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does anyone know how to get intellisense to work reliably when working in C/C++ projects? It seems to work for about 1 in 10 files. Visual Studio 2005 seems to be a lot better than 2008.

Edit: Whilst not necessarily a solution, the work-around provided here:

http://stackoverflow.com/questions/39474/how-to-get-intellisense-to-reliably-work-in-visual-studio-2008#39590

Is probably the best bet if I want a decent intellisense system.

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13 Answers 13

up vote 25 down vote accepted

I've also realized than Intellisense is sometime 'lost', on some big project. Why? No idea.

This is why we have bought Visual Assist (from Tomato software) and disabled Intellisense by deleting the dll feacp.dll in the Visual studio subdirectory (C:\Program Files\Microsoft Visual Studio 8\VC\vcpackages)

This is not a solution, just a workaround.

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+1 for how to disable the intellisense. The macro's I used for disabling in 2005 didn't work anymore in 2008. –  Stormenet Nov 8 '10 at 9:30
2  
I read elsewhere that just deleting that dll should be handled carefully, creating a folder named "Solutionname.ncb" should be preferred. Results in annyoing error messages at every startup though. And +1 for mentioning VAX. –  SvenS Mar 2 '12 at 11:27
    
This is still good advice as of VS2010 since intellisense in VS2010 is very slow (although now it's possible to disable intellisense using the config page in VS) –  Benj Mar 26 '12 at 13:03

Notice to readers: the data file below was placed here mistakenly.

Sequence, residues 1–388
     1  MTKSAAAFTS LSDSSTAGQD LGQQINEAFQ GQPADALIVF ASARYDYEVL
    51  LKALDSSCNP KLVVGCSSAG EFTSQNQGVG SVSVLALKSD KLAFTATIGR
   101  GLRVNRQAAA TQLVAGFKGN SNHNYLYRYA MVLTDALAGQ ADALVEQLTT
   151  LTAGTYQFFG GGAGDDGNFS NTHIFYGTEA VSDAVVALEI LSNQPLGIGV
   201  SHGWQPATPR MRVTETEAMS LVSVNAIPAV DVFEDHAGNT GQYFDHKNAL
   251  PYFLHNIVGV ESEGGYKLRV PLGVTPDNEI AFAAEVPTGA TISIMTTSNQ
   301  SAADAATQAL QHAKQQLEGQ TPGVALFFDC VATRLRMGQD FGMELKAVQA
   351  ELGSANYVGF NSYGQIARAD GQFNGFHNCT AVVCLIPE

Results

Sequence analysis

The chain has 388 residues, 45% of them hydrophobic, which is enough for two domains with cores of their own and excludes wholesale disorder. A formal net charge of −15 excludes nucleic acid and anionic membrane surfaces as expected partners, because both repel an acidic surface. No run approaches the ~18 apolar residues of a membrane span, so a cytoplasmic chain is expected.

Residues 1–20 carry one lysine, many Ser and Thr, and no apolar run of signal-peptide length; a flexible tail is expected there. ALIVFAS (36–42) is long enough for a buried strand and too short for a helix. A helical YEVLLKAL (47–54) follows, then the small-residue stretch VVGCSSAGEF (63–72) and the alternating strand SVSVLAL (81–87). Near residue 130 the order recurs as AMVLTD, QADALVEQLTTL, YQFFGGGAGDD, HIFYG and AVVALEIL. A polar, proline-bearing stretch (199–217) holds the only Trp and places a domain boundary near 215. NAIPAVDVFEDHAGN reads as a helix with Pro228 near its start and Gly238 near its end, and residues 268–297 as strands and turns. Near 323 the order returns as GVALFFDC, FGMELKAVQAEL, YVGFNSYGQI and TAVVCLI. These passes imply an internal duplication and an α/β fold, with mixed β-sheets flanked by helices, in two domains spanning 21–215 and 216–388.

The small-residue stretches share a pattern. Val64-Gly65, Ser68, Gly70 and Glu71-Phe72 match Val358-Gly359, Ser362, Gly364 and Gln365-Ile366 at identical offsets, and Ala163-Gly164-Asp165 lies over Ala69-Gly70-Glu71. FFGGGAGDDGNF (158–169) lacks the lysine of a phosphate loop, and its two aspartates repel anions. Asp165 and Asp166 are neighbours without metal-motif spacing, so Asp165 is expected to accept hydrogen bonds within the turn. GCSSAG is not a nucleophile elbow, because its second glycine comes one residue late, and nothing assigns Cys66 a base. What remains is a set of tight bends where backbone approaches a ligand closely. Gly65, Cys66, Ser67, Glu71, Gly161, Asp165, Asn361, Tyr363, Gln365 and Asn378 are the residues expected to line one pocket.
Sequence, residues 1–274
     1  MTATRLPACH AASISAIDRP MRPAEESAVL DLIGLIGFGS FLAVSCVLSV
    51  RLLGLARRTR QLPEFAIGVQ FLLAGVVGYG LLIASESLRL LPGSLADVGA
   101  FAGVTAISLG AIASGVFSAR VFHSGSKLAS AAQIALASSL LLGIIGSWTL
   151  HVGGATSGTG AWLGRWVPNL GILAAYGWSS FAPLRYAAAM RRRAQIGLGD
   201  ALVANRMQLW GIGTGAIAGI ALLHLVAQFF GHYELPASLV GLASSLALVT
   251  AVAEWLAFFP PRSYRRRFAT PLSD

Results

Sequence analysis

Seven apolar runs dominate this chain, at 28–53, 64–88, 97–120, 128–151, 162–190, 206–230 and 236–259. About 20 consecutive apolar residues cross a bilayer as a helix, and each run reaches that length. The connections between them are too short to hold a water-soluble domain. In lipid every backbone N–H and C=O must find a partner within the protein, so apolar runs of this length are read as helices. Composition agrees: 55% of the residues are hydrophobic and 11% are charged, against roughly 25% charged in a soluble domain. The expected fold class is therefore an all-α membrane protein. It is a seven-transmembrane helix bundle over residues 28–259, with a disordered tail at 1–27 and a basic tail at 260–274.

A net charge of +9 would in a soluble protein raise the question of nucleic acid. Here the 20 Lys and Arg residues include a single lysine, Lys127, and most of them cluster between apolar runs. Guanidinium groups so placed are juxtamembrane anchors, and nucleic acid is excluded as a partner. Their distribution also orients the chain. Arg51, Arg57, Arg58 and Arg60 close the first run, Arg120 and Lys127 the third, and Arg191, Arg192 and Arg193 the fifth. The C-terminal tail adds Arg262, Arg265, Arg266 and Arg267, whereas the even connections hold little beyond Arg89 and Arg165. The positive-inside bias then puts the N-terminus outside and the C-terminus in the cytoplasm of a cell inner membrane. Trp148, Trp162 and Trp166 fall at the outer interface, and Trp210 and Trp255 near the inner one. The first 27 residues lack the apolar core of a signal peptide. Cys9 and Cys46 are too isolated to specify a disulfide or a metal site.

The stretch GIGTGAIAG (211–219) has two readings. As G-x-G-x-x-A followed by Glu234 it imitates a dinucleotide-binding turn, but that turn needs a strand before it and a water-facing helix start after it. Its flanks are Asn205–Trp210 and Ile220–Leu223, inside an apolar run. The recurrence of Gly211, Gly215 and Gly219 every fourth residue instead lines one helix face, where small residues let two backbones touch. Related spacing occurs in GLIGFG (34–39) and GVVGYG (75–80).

Native C++ intellisense does not work reliably in any version of Visual Studio. I find there are two common problems:

1) Header file paths are not set-up correctly. When you find a type where intellisense is not working, use the IDE to click through each header file to find the one containing the type. (Right click on #include and select Open Document...). If this fails before you get to the file which declares the type then this is your problem. Make sure header file search paths are set-up correctly.

And,

2) The intellisense database is corrupt. This happens ALL The time. You need to close the solution, delete the .ncb file, and then reopen the solution. I posted the macro I use for this in answer to another question here.


The preprocessor can also confuse intellisense - so make sure any #defines during build are also available to intellisense. Other than that, I don't know what else can break it. I've not seen any particular issues with forward declarations.

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4  
Thats a helpful solution to delete the ncb file. :) –  sn3ek Oct 6 '09 at 18:57
1  
Note: Intellisense was fixed in VS2010. –  Billy ONeal Dec 5 '10 at 17:19
    
Damn it, Microsoft! I have 544 #includes in this project (not counting the nested #includes in them and countless #defines.) Fix your s&^*! Thanks to the poster for the idea. –  c00000fd Nov 25 '13 at 0:08
    
+1 deleting the sdf (VS2010's new extension for what what was ncb in '08) worked for me. I closed the VS solution, deleted the solution's SDF file, re-opened the solution, re-built the solution, and voila. –  John Dec 9 '13 at 19:55

It looks like there's hope on the horizon for those of us unable to obtain Visual Assist:

Rebuilding Intellisense

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3  
But no support for C++/CLI in the first release of VS2010 :/ –  demoncodemonkey Jul 1 '09 at 9:49

Do you have any add-ins installed (or uninstalled)? I find that effects my intellisense.

Besides that just making sure your Tools->Options->Text Editor->All Languages "Auto List Members" and "Parameter Information" are checked off.

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Thanks, this helped me figure out why Intellisense mysteriously stopped working! –  Peter Bernier Jan 10 '10 at 16:45